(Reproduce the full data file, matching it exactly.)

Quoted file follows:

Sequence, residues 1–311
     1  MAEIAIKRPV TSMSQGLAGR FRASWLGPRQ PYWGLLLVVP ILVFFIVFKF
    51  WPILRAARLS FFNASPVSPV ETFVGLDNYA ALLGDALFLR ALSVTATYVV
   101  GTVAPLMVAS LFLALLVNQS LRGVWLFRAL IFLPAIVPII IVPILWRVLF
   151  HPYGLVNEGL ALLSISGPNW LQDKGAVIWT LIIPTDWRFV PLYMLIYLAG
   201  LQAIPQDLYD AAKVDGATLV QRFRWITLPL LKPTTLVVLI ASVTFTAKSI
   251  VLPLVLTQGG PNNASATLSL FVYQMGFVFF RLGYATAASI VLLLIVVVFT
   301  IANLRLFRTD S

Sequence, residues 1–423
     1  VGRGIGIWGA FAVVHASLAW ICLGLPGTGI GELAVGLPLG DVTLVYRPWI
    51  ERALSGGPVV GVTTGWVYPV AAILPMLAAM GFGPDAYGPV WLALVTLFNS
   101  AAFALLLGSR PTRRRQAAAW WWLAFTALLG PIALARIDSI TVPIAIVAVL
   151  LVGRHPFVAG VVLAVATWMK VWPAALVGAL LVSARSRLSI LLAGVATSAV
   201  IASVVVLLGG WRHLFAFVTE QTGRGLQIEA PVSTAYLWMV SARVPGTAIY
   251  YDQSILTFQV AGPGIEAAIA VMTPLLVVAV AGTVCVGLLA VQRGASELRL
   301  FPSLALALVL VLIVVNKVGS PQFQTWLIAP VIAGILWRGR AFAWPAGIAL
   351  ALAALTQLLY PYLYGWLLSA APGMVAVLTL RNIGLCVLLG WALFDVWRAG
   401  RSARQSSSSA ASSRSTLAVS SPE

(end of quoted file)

Sequence, residues 1–311
     1  MAEIAIKRPV TSMSQGLAGR FRASWLGPRQ PYWGLLLVVP ILVFFIVFKF
    51  WPILRAARLS FFNASPVSPV ETFVGLDNYA ALLGDALFLR ALSVTATYVV
   101  GTVAPLMVAS LFLALLVNQS LRGVWLFRAL IFLPAIVPII IVPILWRVLF
   151  HPYGLVNEGL ALLSISGPNW LQDKGAVIWT LIIPTDWRFV PLYMLIYLAG
   201  LQAIPQDLYD AAKVDGATLV QRFRWITLPL LKPTTLVVLI ASVTFTAKSI
   251  VLPLVLTQGG PNNASATLSL FVYQMGFVFF RLGYATAASI VLLLIVVVFT
   301  IANLRLFRTD S

Sequence, residues 1–423
     1  VGRGIGIWGA FAVVHASLAW ICLGLPGTGI GELAVGLPLG DVTLVYRPWI
    51  ERALSGGPVV GVTTGWVYPV AAILPMLAAM GFGPDAYGPV WLALVTLFNS
   101  AAFALLLGSR PTRRRQAAAW WWLAFTALLG PIALARIDSI TVPIAIVAVL
   151  LVGRHPFVAG VVLAVATWMK VWPAALVGAL LVSARSRLSI LLAGVATSAV
   201  IASVVVLLGG WRHLFAFVTE QTGRGLQIEA PVSTAYLWMV SARVPGTAIY
   251  YDQSILTFQV AGPGIEAAIA VMTPLLVVAV AGTVCVGLLA VQRGASELRL
   301  FPSLALALVL VLIVVNKVGS PQFQTWLIAP VIAGILWRGR AFAWPAGIAL
   351  ALAALTQLLY PYLYGWLLSA APGMVAVLTL RNIGLCVLLG WALFDVWRAG
   401  RSARQSSSSA ASSRSTLAVS SPE